In Ireland, hotels and restaurants are waking up to the economic losses incurred by food waste. “Every tonne of food waste from a hotel or restaurant costs that business between €3,000 and €5,000,” says James Hogan, programme manager of the EPA-funded Green Business programme.

“An average restaurant loses about €24,000 per year from food waste and an average hotel loses about €150,000 per year from food waste,” he adds.

Up until the 1990s, hotels and restaurants sent their food waste as swill to be fed to pigs. However, following the Bovine Spongiform Encephalopathy (BSE) outbreaks and foot and mouth disease in 2001, the practice of feeding waste food to animals was outlawed. A new EU initiative is looking at how to make items such as stale bread and broken biscuits available as animal feed.

Since 2009, hotels and restaurants are legally obliged to have brown bins for food waste. “Segregating food waste makes sense. It’s cheaper to send it in brown bins, and most hotels and restaurants are doing this but some are doing it better than others,” says Hogan.

Members of the Irish Hotels Federation, the Restaurants Association of Ireland and the Local Authority Prevention Network met last week to look at ways to “turn food waste into profit”.

“It’s all about training staff to reduce food waste – finding out where food is being wasted and why, and seeing what you can do to change that, “ says Eileen O’Leary from the Clean Technology Centre at Cork Institute of Technology

Managing portion size is a key to reducing food waste, according to O’Leary. This includes having bowls of vegetables on the table rather than individual portions on each plate, looking at the size of plates used, offering half portions to customers who want it and encouraging people to take home what they leave on their plates.

Ollie Gleeson from Profitwatch carries out food waste audits to help hotels and restaurants reduce their food waste. “The big eye-opener for businesses is when they see all the food that has been wasted. We have reduced food waste by up to 69 per cent following these audits,” he explains.

These waste characterisation audits examine everything from how much food and of what quality arrives into the kitchen (compared with what was ordered) to how much comes back on customers’ plates. “We suggest weighing scales to prevent over deliveries, sealable containers for food that can be reused and serving smaller portions of sauces and side salads,” says Gleeson.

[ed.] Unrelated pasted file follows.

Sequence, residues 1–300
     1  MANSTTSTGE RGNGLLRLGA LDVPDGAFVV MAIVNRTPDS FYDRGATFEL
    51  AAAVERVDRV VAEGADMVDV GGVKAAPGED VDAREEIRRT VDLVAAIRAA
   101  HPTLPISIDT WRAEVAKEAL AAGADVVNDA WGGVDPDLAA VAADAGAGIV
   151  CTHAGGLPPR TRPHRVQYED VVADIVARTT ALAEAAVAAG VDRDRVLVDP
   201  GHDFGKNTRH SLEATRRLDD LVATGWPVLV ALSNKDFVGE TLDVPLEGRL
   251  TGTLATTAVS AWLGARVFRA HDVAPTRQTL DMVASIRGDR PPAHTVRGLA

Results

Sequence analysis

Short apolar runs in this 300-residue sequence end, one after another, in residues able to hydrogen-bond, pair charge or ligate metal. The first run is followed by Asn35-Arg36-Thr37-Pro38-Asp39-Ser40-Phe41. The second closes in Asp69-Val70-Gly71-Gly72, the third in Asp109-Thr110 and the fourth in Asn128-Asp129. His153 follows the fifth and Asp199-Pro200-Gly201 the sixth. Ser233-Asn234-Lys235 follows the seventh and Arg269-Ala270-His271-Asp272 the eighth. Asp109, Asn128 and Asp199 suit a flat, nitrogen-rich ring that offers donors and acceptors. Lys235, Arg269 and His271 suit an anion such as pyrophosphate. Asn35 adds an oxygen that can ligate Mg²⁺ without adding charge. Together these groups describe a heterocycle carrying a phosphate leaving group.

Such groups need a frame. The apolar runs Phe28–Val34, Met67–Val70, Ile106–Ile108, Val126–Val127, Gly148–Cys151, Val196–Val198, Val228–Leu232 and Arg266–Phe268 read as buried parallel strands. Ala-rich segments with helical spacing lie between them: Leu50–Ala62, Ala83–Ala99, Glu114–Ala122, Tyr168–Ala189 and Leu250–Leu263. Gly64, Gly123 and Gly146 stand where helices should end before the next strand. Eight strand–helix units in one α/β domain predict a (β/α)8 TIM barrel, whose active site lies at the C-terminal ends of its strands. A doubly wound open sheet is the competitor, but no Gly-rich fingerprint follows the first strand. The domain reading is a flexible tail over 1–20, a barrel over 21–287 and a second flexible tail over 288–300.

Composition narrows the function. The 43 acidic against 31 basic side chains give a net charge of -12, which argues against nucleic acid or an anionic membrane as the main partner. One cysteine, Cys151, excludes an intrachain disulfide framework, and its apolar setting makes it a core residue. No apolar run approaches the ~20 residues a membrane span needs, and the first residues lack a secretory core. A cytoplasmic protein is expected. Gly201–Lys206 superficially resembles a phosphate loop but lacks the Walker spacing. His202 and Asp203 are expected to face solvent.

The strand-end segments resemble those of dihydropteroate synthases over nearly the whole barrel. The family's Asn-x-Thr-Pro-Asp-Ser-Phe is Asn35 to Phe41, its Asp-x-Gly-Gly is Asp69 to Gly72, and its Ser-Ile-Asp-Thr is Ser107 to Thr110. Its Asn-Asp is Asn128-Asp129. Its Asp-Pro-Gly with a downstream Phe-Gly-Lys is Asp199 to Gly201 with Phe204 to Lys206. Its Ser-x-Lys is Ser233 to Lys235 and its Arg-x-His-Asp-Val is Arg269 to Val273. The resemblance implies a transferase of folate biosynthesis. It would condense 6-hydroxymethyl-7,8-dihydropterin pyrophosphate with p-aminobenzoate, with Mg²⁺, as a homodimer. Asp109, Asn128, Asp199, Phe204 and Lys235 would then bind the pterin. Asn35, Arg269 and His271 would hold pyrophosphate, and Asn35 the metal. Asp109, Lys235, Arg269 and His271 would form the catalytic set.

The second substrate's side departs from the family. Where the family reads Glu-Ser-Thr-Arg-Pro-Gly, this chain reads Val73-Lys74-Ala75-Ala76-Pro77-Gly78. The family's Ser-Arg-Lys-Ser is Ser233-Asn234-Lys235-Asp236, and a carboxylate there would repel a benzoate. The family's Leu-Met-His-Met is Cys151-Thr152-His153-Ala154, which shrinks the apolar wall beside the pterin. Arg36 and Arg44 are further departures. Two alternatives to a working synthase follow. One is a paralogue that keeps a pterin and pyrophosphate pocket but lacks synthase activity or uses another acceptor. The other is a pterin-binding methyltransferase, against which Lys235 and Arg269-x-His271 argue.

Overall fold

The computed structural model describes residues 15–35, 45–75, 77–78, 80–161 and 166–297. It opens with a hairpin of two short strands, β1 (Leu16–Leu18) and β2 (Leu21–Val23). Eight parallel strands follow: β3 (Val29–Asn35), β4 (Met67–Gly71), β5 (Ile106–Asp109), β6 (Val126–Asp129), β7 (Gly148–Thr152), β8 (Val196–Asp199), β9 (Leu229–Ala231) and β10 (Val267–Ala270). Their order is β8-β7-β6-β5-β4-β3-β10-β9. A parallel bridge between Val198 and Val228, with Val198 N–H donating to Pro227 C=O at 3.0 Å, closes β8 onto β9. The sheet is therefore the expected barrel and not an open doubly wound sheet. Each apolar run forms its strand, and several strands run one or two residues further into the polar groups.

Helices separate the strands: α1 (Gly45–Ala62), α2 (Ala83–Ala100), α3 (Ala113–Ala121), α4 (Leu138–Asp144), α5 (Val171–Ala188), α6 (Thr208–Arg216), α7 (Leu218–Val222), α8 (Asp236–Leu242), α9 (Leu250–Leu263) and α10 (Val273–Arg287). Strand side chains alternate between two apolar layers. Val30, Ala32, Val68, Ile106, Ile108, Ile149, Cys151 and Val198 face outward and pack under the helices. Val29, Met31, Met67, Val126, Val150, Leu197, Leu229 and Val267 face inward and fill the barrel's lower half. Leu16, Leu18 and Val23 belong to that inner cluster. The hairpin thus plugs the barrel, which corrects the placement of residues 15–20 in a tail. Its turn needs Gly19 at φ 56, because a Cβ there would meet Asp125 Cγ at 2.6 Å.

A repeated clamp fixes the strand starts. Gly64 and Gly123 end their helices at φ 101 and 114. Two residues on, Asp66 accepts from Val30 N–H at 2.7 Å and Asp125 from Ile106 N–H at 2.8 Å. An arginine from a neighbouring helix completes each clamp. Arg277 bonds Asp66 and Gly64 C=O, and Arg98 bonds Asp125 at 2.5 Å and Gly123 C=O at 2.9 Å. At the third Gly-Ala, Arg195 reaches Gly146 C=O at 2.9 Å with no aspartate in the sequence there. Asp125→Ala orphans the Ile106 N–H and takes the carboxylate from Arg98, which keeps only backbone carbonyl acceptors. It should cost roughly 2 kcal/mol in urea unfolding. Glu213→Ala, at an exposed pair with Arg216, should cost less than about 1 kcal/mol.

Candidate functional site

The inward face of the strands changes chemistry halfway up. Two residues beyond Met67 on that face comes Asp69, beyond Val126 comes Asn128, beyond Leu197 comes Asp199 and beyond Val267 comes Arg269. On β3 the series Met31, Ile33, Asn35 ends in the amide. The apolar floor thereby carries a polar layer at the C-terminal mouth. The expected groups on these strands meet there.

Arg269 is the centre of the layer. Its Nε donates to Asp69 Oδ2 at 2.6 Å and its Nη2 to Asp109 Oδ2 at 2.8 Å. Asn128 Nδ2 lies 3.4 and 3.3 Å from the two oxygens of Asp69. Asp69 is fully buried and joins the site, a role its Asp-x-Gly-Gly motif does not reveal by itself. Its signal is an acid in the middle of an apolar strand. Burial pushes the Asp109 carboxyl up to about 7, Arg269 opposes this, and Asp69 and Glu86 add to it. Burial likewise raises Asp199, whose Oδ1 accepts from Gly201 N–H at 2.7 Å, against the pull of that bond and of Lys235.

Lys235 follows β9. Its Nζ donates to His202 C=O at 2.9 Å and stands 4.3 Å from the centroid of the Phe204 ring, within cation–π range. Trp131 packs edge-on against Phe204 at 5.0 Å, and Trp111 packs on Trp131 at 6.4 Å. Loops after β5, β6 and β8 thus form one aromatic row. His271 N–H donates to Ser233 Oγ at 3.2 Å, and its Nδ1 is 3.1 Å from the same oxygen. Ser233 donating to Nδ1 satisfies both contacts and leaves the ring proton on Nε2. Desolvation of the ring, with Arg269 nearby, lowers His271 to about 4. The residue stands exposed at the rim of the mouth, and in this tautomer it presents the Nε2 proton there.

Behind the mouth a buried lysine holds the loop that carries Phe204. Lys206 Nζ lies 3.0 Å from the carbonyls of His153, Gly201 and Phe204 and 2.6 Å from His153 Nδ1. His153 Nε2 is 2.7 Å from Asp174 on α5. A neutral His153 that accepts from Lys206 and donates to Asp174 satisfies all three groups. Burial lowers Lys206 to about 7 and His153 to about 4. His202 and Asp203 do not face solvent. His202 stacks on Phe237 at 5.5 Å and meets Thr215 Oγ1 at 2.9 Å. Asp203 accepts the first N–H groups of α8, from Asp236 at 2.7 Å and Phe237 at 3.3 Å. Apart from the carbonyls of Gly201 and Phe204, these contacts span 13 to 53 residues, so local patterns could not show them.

Communications between kitchen staff and front of house staff is a key, according to Gleeson. “The chefs need to know what’s coming back into the kitchen on people’s plates and also, it’s important to empower chefs not to give the same portion to constructions workers and older people coming in for their lunch in the middle of the day,” he says.

Annette Keenan from Keenan’s Hotel in Tarmonbarry, Co Roscommon, spoke about her experience of reducing food waste at the Turn Food Waste Into Profit seminar.

“People often think that they’ll have extra side orders like vegetables, garlic potatoes and chips but a lot of it comes back into the kitchen. Explaining the cost of each side dish and then asking customers whether they want extra sides encourages them to cut back,” she says.

Keenan adds that generally speaking, people tend to over order – particularly if they think they are getting it for free but this mindset is slowly changing. “People are getting more health conscious and portion size is the key, but we need to do food waste surveys every year to keep staff trained up on these issues,” she says.

Adrian Cummins, the chief executive officer of the Restaurant Association of Ireland, says that the customer is still king. “Restaurants are starting to look at food waste in terms of the lost profits but if a customer feels hard done by with small portions, you’re in trouble,” he says.

“The Irish palate is still looking for more food, rather than less, and there needs to be customer education on food waste. Our job is to provide food; it’s up to the State and health bodies to educate the customer on food waste,” he adds.

Facts on Food Waste

Twenty per cent of food produced in the EU is lost or wasted.

Food waste generates about 8 per cent of global greenhouse gases.

One of the United Nations Sustainable Development Goals calls for a 50 per cent reduction in food waste by 2030.

The annual cost of food waste for householders in Ireland is between €700- €1,000.

An average restaurant loses about €24,000 per year from food waste.

An average hotel loses about €150,000 per year from food waste.

In developing countries, over 40 per cent of food losses happen after harvest and during processing while in industrialised countries, over 40 per cent occurs at retail and consumer level. See also stopfoodwaste.ie and http://ec.europa.eu/food/safety/food_waste/stop_en

Is Trump actually Quite Smart?

USA pulls out of Paris Agreement. The world is aghast, Trump is denounced. Climate Change action is doomed.

But…….is Trump actually playing a smart hand? Does anyone (including Trump) really believe that there will be any major increase in coal mining in the US? Coal is old, coal is dead – renewable s are growing at a staggering rate in the US and some forecasts suggest that they will breach their Paris Agreement commitments well in advance of 2030.